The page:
The California case could be trickier for Kennedy, since it pits a voter-approved same-sex marriage ban, Proposition 8, against the argument that the Constitutions provision of equal protection under the law extends to gay couples seeking the right of marriage. Taken to its logical conclusion, the argument that banning gay marriage is unconstitutional would apply to the entire country—and the laws of 41 states would go down. Olson will try to make it easier by offering Kennedy a way to strike down only Prop 8. The idea here is that California is different from every other state because it allowed thousands of gay couples to marry thanks to a state Supreme Court ruling—and then it took that right away when voters approved the ban. Will Kennedy go for that middle ground? Or will he seem inclined to uphold Prop 8 (the dreaded step backward) or to embrace gay marriage to its national end point, making it (excitingly, but politically prematurely) the law of the land?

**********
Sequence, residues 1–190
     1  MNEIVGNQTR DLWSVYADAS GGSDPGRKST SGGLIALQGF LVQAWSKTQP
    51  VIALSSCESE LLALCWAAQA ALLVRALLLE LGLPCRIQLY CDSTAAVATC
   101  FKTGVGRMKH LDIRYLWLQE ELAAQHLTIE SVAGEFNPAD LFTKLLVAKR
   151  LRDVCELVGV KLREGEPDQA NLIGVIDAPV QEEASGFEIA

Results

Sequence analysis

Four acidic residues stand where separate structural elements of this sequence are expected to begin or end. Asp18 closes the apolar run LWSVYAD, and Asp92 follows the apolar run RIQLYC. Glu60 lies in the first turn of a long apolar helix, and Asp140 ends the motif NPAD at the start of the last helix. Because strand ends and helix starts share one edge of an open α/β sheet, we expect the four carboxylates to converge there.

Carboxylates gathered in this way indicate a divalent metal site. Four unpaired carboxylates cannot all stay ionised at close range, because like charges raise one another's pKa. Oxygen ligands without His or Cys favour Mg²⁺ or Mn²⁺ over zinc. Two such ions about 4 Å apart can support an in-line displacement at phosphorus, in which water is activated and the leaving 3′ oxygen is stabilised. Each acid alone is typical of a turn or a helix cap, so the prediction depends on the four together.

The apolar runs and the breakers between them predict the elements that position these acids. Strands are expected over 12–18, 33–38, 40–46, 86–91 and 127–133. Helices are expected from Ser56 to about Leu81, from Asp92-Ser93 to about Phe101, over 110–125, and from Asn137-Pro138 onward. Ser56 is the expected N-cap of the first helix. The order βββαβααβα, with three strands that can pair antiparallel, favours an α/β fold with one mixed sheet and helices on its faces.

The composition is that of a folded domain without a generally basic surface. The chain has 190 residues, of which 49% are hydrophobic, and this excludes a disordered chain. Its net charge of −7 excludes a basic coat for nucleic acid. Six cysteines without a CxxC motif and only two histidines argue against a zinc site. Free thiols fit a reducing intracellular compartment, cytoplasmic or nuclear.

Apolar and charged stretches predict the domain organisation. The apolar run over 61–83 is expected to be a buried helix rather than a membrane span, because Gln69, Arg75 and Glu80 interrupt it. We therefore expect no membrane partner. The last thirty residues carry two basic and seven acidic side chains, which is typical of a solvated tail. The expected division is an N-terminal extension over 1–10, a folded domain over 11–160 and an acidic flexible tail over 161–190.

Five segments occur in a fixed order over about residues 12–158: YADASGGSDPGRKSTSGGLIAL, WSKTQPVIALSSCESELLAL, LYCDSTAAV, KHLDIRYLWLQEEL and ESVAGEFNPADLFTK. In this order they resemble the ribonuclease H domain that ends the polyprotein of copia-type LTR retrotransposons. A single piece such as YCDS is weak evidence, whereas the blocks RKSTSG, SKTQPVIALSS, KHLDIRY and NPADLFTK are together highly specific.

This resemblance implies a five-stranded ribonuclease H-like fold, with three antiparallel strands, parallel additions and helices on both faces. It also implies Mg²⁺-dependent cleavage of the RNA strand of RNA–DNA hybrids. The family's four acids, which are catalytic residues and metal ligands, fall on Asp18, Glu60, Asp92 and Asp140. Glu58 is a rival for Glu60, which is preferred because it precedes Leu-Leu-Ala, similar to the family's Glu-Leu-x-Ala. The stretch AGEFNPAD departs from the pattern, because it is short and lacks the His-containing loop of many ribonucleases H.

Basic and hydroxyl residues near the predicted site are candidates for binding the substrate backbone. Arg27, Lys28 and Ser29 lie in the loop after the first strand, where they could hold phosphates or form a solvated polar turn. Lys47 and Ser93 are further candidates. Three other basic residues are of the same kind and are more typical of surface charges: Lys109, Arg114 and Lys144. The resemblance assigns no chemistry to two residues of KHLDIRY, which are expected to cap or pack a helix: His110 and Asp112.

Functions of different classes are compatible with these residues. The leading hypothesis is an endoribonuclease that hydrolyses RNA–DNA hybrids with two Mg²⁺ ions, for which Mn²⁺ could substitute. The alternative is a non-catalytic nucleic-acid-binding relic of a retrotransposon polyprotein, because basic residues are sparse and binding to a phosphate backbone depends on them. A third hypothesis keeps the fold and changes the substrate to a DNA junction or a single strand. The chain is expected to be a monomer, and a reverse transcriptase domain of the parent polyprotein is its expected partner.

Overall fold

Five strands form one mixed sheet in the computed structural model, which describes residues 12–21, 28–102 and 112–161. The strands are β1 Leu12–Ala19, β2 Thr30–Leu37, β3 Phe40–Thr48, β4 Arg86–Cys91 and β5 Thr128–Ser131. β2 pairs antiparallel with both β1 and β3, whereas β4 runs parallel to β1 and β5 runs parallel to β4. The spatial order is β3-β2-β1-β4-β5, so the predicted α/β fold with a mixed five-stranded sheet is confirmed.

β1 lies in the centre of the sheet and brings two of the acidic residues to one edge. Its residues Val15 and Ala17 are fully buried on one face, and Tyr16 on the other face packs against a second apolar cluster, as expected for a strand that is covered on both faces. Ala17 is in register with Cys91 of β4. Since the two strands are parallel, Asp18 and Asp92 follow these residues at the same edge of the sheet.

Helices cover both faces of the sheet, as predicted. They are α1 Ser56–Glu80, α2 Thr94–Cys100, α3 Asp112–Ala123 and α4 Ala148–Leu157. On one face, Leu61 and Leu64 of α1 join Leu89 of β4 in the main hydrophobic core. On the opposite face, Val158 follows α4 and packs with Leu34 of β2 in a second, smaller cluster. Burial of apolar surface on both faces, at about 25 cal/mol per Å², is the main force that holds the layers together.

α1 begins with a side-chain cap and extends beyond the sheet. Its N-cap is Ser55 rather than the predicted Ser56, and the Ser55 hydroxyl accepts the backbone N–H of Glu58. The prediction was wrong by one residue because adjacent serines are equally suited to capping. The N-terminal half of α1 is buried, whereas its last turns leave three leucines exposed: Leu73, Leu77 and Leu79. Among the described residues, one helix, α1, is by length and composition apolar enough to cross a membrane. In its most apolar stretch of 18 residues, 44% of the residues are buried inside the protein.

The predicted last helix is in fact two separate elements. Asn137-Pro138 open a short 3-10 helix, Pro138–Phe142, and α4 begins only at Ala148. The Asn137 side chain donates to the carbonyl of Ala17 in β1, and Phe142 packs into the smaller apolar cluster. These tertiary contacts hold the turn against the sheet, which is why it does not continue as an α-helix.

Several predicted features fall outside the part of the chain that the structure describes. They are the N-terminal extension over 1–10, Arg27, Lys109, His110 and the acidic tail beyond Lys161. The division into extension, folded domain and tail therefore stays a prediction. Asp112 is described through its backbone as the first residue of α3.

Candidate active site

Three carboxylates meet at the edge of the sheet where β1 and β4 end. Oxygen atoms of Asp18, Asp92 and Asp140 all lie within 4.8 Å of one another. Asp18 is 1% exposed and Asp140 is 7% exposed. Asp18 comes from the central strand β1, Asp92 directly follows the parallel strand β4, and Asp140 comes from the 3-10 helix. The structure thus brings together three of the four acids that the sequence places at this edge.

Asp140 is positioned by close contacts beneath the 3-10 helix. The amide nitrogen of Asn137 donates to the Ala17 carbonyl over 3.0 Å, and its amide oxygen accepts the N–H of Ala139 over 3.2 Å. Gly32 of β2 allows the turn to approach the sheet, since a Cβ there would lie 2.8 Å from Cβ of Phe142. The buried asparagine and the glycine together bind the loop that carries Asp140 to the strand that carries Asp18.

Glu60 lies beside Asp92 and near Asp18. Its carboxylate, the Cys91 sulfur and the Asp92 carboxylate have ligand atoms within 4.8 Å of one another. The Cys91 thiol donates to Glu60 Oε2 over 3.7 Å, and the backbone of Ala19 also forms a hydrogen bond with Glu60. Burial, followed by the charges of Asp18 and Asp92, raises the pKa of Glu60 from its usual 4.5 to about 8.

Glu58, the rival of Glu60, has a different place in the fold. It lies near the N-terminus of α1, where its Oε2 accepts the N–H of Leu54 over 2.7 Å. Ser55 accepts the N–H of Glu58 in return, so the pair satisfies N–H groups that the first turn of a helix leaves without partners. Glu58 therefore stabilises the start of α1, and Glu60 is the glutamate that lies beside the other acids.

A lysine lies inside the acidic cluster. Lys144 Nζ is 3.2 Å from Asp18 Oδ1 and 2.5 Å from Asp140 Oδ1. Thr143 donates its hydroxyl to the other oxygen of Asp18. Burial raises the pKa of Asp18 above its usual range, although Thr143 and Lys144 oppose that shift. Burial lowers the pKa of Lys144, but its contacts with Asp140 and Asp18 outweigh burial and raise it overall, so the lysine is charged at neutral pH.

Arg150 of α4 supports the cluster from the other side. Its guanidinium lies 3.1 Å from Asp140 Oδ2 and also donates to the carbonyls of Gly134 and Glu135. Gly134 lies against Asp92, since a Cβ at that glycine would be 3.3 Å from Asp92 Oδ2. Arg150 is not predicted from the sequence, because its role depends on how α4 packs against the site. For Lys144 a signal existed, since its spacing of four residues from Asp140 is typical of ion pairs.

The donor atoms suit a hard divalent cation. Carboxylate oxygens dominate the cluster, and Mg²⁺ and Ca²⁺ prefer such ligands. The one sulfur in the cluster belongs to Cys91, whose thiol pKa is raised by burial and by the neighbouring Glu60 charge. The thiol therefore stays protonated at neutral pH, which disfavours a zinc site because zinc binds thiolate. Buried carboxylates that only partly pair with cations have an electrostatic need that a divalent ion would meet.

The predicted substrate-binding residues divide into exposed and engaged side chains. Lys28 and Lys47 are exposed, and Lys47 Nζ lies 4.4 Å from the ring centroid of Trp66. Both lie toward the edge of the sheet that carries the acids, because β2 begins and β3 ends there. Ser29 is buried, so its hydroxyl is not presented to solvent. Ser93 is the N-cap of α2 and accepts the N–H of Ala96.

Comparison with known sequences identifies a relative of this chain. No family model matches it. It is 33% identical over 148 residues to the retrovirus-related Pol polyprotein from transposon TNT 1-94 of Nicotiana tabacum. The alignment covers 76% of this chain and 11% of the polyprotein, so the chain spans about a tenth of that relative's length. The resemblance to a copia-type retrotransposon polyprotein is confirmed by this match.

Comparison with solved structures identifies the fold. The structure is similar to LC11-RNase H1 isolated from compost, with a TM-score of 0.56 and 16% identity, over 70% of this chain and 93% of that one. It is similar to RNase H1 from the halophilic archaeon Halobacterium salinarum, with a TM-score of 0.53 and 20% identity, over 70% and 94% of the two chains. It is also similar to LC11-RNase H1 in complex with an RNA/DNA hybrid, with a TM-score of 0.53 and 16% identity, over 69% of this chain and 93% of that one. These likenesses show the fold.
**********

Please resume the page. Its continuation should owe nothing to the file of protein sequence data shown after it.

“I Didn’t Mean To Turn You On.” “Tell Me I’m Not Dreaming.” “Early in the Morning.” Robert Palmer could remake electro-R&B without inflating the songs full of steroids as he did with the likes of “Simply Irresistable” and “Addicted to Love.” The cover below is my favorite.
Abbas Kiarostami can frame actors. In what I’ll call the prologue of Like Someone in Love, he shoots a trio of bar patrons sitting and drinking as a voice, irritated but in control, drifts over them. But the speaker, Aikiko (Rin Takanashi), doesn’t appear until a couple of minutes later, and she’s not in the party: she’s been on the phone with what sounds like a jealous boyfriend. A friend joins her. I told him my grandmother’s in town, Aikiko explains. The friend rises and sits at a neighboring table upon the arrival of a gentleman old enough to be Aikiko’s father. Foregoing the lameness of expository dialogue, Kiarostami’s characters speak in the fragments and half truths of overheard chatter, which requires work; but it become clear that Aikiko is a call girl, persuaded by her pimp to accept an assignment outside Tokyo. When Kiarostami breaks the spell of medium shots and shoots the bar, we see the trio again and Aikiko’s friend laughing and smoking with a male friend stage right. Is she on assignment too? Is she there as part of Aikiko’s cover story in case her boyfriend appears?